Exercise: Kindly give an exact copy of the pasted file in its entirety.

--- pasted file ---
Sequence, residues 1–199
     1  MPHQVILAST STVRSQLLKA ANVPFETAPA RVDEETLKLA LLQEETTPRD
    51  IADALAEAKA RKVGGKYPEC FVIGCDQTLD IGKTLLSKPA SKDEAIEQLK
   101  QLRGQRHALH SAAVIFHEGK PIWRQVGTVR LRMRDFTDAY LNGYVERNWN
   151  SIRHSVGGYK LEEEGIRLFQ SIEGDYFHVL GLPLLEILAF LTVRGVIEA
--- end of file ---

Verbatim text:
Sequence, residues 1–199
     1  MPHQVILAST STVRSQLLKA ANVPFETAPA RVDEETLKLA LLQEETTPRD
    51  IADALAEAKA RKVGGKYPEC FVIGCDQTLD IGKTLLSKPA SKDEAIEQLK
   101  QLRGQRHALH SAAVIFHEGK PIWRQVGTVR LRMRDFTDAY LNGYVERNWN
   151  SIRHSVGGYK LEEEGIRLFQ SIEGDYFHVL GLPLLEILAF LTVRGVIEA